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As we know magnetic phenomenon is a mere relativistic effect.My question is how to explain the magnetic induction in a relativistic manner?

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Magnetism isn't just a relativistic effect. It's primarily a quantum mechanical one. – TeeJay Oct 5 '13 at 7:25
It's a matter of point of view really. Electrostatic can also be viewed as a mere relativistic effect applied to depends where you preferences lie. People learning electrotechnology for example focus much more on the Laplace-Lorentz force that the Coulomb one because this is the important thing to rememeber when dealing with electric motors. – gatsu Oct 6 '13 at 11:31

By using Coulomb law, $$ \mathbf F = q\mathbf E = q\frac{Q\mathbf r }{|\mathbf r |^{3}}, $$ and relativistic transformation laws, $$ \mathbf r' = \mathbf r + \Gamma \mathbf u \frac{(\mathbf u \cdot \mathbf r )}{c^{2}} - \gamma \mathbf u t , \quad \frac{\mathbf F }{\gamma \left( 1 - \frac{(\mathbf u \cdot \mathbf v)}{c^{2}}\right)} = \mathbf F ' + \gamma \frac{\mathbf v ' \cdot \mathbf F '}{c^{2}}\mathbf u + \Gamma \mathbf u \frac{(\mathbf u \cdot \mathbf F ') }{c^{2}}, \quad \Gamma = \frac{\gamma - 1}{\frac{u^{2}}{c^{2}}}, $$ where $\mathbf u$ can be interpreted as charge $Q $ speed, $\mathbf v$ can be interpreted as test charge speed,

for $t = 0$, you will obtain an expression

$$ \mathbf F = q\mathbf E + \frac{q}{c}[\mathbf v \times \mathbf B] , $$ where $$ \mathbf E = \frac{Q\gamma \mathbf r}{\left( r^{2} + u^{2}\gamma^{2}\frac{(\mathbf u \cdot \mathbf r)^{2}}{c^{2}}\right)^{\frac{3}{2}}}, \quad \mathbf B = \frac{1}{c}[\mathbf u \times \mathbf E]. $$ As you can see according to the $\mathbf F $ and $\mathbf B$ expressions, the induction is relativistic kinematic effect which is connected with finite speed of interactions. By the other words, it can be described as delay of the electric field displacement in time.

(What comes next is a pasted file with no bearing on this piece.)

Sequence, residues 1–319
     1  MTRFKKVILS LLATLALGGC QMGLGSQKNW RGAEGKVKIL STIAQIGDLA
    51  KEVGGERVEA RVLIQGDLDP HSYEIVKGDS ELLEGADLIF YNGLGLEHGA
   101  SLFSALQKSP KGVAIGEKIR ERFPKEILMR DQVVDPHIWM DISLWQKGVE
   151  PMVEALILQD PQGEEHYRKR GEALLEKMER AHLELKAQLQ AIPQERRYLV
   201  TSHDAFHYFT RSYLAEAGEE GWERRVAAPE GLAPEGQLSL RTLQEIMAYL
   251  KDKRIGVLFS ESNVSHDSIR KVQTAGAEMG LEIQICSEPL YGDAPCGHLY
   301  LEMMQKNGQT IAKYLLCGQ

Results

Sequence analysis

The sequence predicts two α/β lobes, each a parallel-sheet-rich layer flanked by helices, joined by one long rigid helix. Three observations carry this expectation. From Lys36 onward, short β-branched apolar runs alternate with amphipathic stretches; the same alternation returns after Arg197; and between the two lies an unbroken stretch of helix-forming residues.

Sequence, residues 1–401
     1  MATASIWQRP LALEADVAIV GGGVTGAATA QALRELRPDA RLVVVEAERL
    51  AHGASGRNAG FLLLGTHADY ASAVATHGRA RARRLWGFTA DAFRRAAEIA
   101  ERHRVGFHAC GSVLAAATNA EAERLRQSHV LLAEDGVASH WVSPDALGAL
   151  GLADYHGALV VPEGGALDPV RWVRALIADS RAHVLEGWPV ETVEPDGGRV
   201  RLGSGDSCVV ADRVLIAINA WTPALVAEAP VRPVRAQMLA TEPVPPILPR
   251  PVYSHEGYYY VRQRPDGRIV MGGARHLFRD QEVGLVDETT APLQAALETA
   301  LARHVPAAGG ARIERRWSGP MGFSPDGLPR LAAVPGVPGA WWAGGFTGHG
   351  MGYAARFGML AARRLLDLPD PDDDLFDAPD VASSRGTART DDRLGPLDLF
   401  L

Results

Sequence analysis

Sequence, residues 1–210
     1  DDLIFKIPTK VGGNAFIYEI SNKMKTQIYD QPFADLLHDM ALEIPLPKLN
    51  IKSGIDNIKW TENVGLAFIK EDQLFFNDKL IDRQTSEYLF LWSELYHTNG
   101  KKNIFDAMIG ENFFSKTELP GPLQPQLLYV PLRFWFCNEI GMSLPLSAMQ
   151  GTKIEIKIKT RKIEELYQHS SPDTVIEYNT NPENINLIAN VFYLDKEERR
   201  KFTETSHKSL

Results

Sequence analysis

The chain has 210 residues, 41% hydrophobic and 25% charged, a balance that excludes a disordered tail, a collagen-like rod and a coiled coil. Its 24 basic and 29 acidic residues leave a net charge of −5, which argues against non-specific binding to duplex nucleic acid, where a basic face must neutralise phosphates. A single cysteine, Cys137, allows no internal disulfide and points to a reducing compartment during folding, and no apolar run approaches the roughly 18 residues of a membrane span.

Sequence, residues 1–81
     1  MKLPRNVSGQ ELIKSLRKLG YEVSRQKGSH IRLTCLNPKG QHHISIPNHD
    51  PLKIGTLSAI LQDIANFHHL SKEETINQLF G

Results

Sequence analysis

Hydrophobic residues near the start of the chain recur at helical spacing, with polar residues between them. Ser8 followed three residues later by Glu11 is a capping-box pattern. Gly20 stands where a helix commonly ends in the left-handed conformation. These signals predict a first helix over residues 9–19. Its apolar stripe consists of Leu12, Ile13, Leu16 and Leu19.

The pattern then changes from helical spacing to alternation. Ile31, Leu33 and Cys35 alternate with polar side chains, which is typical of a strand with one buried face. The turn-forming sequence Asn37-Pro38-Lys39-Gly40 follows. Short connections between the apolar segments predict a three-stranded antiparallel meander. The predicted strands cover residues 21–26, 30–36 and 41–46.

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,My question is how to understand the force acting on a charged particle due to magnetic flux variation without the need for magnetism?The same way relativity has shown that magnetism is nothing but a revelation of electric field plus relativistic length contraction effect.Is it possible? – Muhammad Morrsi Oct 5 '13 at 18:29
@MuhammadMorrsi . You may not use the term "magnetic field" name and work only with electric field, but it is senselessly. Did I understand your question correctly? – user8817 Oct 5 '13 at 23:41

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